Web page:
The development and improvement of methods to map agricultural land cover are currently major challenges, especially for radar images. This is due to the speckle noise nature of radar, leading to a less intensive use of radar rather than optical images. The European Space Agency Sentinel-1 constellation, which recently became operational, is a satellite system providing global coverage of Synthetic Aperture Radar (SAR) with a 6-days revisit period at a high spatial resolution of about 20 m. These data are valuable, as they provide spatial information on agricultural crops. The aim of this paper is to provide a better understanding of the capabilities of Sentinel-1 radar images for agricultural land cover mapping through the use of deep learning techniques. The analysis is carried out on multitemporal Sentinel-1 data over an area in Camargue, France. The data set was processed in order to produce an intensity radar data stack from May 2017 to September 2017. We improved this radar time series dataset by exploiting temporal filtering to reduce noise, while retaining as much as possible the fine structures present in the images. We revealed that even with classical machine learning approaches (K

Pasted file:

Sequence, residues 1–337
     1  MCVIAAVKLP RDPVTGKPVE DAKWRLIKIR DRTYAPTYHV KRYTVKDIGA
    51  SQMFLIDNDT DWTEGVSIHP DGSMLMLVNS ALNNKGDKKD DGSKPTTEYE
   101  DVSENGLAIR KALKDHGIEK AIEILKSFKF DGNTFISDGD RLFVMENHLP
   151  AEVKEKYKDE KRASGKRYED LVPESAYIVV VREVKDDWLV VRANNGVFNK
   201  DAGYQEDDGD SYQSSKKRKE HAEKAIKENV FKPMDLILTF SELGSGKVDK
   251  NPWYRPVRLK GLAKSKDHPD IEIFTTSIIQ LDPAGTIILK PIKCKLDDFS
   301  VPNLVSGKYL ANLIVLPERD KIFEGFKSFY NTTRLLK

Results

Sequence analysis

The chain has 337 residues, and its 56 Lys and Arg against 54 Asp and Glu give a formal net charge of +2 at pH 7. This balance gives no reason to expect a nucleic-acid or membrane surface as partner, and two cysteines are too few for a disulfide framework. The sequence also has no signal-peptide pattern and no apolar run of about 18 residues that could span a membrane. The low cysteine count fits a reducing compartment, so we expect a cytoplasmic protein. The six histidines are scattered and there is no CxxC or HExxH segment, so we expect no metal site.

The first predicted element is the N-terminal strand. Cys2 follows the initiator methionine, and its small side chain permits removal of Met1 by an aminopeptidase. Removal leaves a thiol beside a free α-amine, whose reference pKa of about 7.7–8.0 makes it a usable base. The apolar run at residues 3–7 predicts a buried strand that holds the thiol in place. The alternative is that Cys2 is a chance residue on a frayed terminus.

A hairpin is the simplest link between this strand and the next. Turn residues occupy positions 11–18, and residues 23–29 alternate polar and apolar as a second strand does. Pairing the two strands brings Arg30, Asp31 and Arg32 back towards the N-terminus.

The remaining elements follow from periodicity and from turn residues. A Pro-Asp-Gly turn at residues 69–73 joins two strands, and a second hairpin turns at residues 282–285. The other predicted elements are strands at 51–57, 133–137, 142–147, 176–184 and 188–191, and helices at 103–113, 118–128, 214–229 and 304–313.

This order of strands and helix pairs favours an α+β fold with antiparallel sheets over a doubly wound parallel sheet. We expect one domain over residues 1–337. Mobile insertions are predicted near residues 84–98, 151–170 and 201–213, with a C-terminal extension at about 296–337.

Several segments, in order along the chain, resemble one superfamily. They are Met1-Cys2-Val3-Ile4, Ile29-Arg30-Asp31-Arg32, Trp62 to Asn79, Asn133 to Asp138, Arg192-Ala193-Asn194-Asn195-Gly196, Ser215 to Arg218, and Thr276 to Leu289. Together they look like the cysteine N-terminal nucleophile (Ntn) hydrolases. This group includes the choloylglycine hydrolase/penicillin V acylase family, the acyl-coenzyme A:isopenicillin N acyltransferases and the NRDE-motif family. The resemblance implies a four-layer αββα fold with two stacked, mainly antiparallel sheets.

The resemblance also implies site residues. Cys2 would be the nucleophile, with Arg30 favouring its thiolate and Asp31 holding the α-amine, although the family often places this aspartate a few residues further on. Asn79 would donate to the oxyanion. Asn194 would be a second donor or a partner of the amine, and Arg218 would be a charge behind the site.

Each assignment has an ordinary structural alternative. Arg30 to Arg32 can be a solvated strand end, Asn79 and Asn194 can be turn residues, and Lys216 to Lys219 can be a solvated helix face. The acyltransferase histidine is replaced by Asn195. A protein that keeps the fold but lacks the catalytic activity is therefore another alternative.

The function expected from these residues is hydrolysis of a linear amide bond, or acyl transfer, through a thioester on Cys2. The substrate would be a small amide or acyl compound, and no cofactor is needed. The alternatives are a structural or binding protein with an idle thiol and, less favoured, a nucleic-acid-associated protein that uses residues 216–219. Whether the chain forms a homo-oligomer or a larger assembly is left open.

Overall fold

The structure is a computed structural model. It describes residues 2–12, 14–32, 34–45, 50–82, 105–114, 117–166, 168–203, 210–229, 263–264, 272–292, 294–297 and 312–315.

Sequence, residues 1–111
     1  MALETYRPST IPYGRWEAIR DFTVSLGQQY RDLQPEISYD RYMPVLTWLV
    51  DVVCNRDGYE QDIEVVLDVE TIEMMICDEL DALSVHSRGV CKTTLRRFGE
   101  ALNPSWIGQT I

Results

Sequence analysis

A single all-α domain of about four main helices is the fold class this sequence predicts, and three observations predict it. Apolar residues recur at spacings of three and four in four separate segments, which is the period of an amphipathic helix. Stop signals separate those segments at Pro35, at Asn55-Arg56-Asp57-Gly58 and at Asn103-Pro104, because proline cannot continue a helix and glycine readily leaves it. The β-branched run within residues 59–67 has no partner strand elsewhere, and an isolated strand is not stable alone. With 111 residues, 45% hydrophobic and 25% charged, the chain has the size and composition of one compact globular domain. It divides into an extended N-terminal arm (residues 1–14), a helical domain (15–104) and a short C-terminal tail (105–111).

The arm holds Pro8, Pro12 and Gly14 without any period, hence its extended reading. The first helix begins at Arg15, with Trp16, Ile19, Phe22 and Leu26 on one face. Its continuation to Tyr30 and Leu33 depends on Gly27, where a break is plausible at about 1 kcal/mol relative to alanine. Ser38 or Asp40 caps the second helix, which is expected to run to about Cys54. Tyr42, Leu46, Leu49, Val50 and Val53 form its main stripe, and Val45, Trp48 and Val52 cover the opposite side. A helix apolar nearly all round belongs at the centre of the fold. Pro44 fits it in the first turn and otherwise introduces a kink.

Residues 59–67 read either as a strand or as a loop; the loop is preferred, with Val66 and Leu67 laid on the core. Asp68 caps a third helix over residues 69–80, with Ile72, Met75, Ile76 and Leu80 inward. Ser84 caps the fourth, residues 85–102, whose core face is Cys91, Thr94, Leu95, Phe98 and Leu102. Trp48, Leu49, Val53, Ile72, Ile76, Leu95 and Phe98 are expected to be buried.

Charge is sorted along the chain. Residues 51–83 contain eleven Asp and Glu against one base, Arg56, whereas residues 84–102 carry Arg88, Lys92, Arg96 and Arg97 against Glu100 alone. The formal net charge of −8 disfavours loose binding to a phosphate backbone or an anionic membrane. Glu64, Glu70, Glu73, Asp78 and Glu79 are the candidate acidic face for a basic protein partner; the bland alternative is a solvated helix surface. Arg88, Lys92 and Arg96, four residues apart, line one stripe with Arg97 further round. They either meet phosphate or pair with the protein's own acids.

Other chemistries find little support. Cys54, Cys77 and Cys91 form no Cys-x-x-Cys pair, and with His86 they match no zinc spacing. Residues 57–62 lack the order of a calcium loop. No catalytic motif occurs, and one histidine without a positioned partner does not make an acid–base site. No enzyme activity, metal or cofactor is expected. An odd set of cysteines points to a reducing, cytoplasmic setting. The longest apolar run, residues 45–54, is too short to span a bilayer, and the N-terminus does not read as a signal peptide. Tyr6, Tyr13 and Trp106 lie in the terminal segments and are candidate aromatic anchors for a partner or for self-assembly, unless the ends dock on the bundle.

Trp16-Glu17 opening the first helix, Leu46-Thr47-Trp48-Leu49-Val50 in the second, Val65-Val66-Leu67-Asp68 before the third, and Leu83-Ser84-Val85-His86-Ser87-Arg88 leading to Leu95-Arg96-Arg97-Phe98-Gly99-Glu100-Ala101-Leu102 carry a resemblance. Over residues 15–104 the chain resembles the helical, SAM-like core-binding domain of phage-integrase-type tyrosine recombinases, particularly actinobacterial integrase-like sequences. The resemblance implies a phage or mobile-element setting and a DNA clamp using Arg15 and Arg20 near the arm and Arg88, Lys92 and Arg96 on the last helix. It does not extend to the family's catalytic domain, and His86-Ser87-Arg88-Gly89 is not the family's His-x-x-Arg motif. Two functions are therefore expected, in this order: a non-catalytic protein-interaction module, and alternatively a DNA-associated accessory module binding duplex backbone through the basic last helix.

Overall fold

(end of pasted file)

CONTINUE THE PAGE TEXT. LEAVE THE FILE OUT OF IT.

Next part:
nearest neighbors, random forest, and support vector machines), good performance classification could be achieved with F-measure/Accuracy greater than 86% and Kappa coefficient better than 0.82. We found that the results of the two deep recurrent neural network (RNN)-based classifiers clearly outperformed the classical approaches. Finally, our analyses of the Camargue area results show that the same performance was obtained with two different RNN-based classifiers on the Rice
class, which is the most dominant crop of this region, with a F-measure metric of 96%. These results thus highlight that in the near future these RNN-based techniques will play an important role in the analysis of remote sensing time series.
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